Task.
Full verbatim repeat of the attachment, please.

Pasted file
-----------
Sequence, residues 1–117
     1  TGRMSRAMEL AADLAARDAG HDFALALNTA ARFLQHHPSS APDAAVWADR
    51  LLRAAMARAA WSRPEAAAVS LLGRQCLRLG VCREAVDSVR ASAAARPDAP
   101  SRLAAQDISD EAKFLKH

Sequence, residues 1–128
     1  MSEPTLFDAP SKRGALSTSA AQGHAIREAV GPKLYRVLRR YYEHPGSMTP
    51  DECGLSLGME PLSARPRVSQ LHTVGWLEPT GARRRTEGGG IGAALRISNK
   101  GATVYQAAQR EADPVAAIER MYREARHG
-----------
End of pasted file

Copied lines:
Sequence, residues 1–117
     1  TGRMSRAMEL AADLAARDAG HDFALALNTA ARFLQHHPSS APDAAVWADR
    51  LLRAAMARAA WSRPEAAAVS LLGRQCLRLG VCREAVDSVR ASAAARPDAP
   101  SRLAAQDISD EAKFLKH

Sequence, residues 1–128
     1  MSEPTLFDAP SKRGALSTSA AQGHAIREAV GPKLYRVLRR YYEHPGSMTP
    51  DECGLSLGME PLSARPRVSQ LHTVGWLEPT GARRRTEGGG IGAALRISNK
   101  GATVYQAAQR EADPVAAIER MYREARHG